Strengthening the tumor-fighting ability of T cells

Mar 24, 2008

Researchers may have found a new way to promote immune cell attack on tumors. The new study, by a team of scientists in Milan, Italy, will be published online on March 24 in the Journal of Experimental Medicine.

When faced with cancer, the immune system dispatches cells, called T cells, to kill the tumor. But these killer cells often fail to completely eliminate the tumor because they’re deactivated by a distinct population of T cells known as regulatory T cells.

Past attempts to get rid of these regulatory T cells have largely failed, in part because they share many features with the killer T cells, making it difficult to eliminate one population without also eliminating the other.

In the new study, the researchers focused on a cell-surface protein called OX40 that had previously been shown (in culture dishes) to turn off the regulatory T cells, but turn on the killer T cells. When this protein was activated in mice, the new study shows, the animals eliminated existing tumors and were protected against developing new ones.

The potential drawback of this approach is that selective inhibition of regulatory T cells could provoke naturally self-reactive T cells to attack the body’s own tissues (autoimmunity). The mice in the study, however, showed no signs of autoimmune disease, suggesting that OX40 may be a promising target for anti-cancer therapy.

Source: Journal of Experimental Medicine

Explore further: Chronic inflammation linked to 'high-grade' prostate cancer

add to favorites email to friend print save as pdf

Related Stories

New functions for 'junk' DNA?

Mar 31, 2014

DNA is the molecule that encodes the genetic instructions enabling a cell to produce the thousands of proteins it typically needs. The linear sequence of the A, T, C, and G bases in what is called coding ...

The promise and peril of nanotechnology

Mar 26, 2014

Scientists at Northwestern University have found a way to detect metastatic breast cancer by arranging strands of DNA into spherical shapes and using them to cover a tiny particle of gold, creating a "nano-flare" ...

Recommended for you

Unraveling the 'black ribbon' around lung cancer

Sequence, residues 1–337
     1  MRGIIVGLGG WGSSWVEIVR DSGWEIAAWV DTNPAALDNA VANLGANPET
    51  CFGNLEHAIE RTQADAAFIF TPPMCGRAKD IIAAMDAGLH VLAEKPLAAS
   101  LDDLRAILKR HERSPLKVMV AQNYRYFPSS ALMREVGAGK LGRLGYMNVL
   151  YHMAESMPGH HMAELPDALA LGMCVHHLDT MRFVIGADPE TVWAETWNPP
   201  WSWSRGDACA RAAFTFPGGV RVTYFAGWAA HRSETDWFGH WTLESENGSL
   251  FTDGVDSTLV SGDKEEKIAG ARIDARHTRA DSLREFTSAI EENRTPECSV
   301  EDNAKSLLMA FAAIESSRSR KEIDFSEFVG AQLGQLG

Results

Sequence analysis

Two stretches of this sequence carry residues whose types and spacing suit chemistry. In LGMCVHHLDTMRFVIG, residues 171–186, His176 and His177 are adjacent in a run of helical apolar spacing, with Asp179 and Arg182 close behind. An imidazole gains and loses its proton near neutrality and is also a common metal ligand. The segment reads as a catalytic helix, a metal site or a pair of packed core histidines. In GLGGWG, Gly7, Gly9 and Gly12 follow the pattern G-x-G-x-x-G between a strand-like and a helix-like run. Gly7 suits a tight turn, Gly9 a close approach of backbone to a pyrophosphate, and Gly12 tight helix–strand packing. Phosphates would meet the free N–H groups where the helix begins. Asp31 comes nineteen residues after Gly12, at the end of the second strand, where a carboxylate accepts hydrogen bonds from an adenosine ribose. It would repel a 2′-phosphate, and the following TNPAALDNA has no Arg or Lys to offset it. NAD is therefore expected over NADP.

Apr 17, 2014

It's not uncommon these days to find a colored ribbon representing a disease. A pink ribbon is well known to signify breast cancer. But what color ribbon does one think of with lung cancer?

User comments : 0

More news stories

Filipino tests negative for Middle East virus

A Filipino nurse who tested positive for the Middle East virus has been found free of infection in a subsequent examination after he returned home, Philippine health officials said Saturday.

Study says we're over the hill at 24

(Medical Xpress)—It's a hard pill to swallow, but if you're over 24 years of age you've already reached your peak in terms of your cognitive motor performance, according to a new Simon Fraser University study.

NASA's space station Robonaut finally getting legs

Robonaut, the first out-of-this-world humanoid, is finally getting its space legs. For three years, Robonaut has had to manage from the waist up. This new pair of legs means the experimental robot—now stuck ...

Ex-Apple chief plans mobile phone for India

Former Apple chief executive John Sculley, whose marketing skills helped bring the personal computer to desktops worldwide, says he plans to launch a mobile phone in India to exploit its still largely untapped ...

Egypt archaeologists find ancient writer's tomb

Egypt's minister of antiquities says a team of Spanish archaeologists has discovered two tombs in the southern part of the country, one of them belonging to a writer and containing a trove of artifacts including reed pens ...

Airbnb rental site raises $450 mn

Online lodging listings website Airbnb inked a $450 million funding deal with investors led by TPG, a source close to the matter said Friday.